ASF is eastern Canada's first and only ART MATERIAL TRADE FAIR + ART CLASSES. Organizers brought together the biggest and best names and brands in the industry. Attendees were able to see, buy and try the latest products, take a workshop, demo or lecture.
This is the second of four reports on the demonstrations, lectures and workshops that I attended.
On Saturday, October 31st (1:30 pm-3:30 pm), I attended the demonstration: Acrylic Ink and it’s Secrets with Françoise Issaly
Françoise Issaly is a Canadian artist who lives and has worked in Montreal, Quebec since 1993. Originally from the South of France, she studied in Montpellier then Bordeaux where she received her M.F.A. Her work has been shown in galleries in Quebec, USA and Germany both in solo and group shows and is part of private collections. Over the past 20 years she has taught art in several schools including The Montreal Fine Art Museum, The Visual Art Center and University of Montreal.
I was interested in attending this class because I have been wanting to try adding acrylic ink to my acrylic landscapes. Liquitex ink comes in thirty colors and can be used for:
- Dip Pen
- Technical Pen
- Ink Brayer
- Screen Printing
- Fabric Painting
- Book Arts
- Photo Tinting
Obviously, in two hours, we could explore only the tip of the iceberg in terms of the many applications for acrylic ink.
Françoise clearly is passionate (and has a lovely sense of humor) about this medium and was willing to go in any direction that the group wanted. (There were lots of folks who had some experience already with acrylic inks.)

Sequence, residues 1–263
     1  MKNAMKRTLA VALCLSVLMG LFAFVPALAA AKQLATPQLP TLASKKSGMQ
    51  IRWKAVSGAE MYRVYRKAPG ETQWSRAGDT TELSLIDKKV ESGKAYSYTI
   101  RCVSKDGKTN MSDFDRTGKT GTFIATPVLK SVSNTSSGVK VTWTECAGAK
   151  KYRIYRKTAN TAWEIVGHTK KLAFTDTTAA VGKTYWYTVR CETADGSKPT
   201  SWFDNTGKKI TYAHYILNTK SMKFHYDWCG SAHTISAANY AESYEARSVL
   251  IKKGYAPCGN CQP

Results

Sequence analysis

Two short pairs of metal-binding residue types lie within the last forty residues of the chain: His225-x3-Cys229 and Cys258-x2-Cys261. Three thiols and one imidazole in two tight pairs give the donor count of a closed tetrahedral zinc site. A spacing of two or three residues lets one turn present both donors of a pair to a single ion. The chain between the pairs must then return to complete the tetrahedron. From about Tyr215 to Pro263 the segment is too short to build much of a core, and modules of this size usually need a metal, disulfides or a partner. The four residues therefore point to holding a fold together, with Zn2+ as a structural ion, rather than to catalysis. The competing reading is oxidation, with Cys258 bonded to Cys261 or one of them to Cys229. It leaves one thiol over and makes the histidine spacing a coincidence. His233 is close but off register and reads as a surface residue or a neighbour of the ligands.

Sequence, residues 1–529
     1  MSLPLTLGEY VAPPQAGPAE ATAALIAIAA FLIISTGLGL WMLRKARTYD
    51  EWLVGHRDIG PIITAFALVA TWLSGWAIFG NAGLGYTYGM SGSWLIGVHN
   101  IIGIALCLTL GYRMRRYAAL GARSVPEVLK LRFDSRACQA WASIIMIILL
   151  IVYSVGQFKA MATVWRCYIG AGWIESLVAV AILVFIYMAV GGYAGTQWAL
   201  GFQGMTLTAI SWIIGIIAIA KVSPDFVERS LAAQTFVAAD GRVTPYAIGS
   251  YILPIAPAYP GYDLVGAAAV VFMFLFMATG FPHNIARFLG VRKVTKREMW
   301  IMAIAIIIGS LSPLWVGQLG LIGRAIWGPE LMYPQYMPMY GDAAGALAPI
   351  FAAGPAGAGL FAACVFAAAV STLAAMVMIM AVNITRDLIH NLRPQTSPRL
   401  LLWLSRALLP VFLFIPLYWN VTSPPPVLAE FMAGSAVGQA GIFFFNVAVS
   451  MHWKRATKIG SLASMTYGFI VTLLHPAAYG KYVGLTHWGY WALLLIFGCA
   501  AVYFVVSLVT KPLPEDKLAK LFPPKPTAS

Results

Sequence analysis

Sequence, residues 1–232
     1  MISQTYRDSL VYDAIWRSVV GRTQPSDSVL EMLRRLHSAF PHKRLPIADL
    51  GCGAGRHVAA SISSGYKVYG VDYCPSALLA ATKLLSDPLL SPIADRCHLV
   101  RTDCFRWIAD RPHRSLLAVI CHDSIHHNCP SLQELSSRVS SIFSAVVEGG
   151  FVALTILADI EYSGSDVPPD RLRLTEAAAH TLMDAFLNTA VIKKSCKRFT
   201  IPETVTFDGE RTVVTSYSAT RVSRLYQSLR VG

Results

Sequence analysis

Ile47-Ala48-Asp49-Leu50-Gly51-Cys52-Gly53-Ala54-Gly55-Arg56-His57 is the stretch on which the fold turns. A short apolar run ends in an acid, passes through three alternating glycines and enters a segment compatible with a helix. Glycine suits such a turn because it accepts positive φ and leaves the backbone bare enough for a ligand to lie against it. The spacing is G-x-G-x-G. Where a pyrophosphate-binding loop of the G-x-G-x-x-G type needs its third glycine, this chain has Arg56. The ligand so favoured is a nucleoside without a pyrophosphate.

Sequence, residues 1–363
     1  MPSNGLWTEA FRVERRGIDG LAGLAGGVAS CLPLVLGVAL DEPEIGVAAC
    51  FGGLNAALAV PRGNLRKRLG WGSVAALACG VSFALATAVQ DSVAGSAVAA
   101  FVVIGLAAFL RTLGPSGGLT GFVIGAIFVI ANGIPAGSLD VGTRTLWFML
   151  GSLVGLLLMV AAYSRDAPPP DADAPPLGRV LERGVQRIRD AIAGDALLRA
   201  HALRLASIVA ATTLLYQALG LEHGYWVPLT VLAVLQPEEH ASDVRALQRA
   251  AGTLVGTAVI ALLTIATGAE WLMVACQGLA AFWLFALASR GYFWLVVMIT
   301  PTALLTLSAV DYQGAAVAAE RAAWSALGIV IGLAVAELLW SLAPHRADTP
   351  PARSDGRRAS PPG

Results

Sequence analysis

|The Liquitex acrylic ink color chart|
|Dip pens used for acrylic inks|
Françoise Issaly demonstrated many of the creative possibilities for the ink
|Some effects that are achievable with acrylic inks|
As Françoise Issaly walked through many of the additives and mediums that can be used with inks, some key learnings for me were that Françoise Issaly explained:
- The 20% acrylic/water ratio rule: how if acrylic paint has too much water added, it breaks down the chemical composition of the polymers and will create disappointing results.
- This is why folks (most folks in the room) were quite familiar with Liquitex Flow Aid. Folks use flow aid to create watercolor effects.
- Things got exciting when Françoise revealed that she used airbrush medium instead of flow aid. Artists, if not doing airbrushing, would not give airbrush medium a second look in the store. Françoise explained that because Flow Aid cannot be mixed directly with the color she prefers airbrush medium to create the beautiful glazing effects in her art. You must mix Flow Aid with water. This is not the case with Liquitex airbrush medium.
- Françoise left the "pouring demonstration to the very end. In her experience, this is where folks get very excited about creative possibilities
|Françoise demonstrating pouring|
|Some of the beautiful possible effects using pouring medium and airbrush medium.|
We were also given a sample package that had the following paper samples:
- The Acrylic Book: A Comprehensive Resource For Artists (available for downloading here https://www.liquitex.com/acrylicbook)
- Liquitex acrylic heavy body and soft body paint samples
- Heavy body sampler: blue, yellow and red with gloss medium varnish
- Mediums sampler: pouring medium, ultra matte medium flow aid, and string gel
- Acrylic marker sample
- Spray Paint: Cadmium red medium hue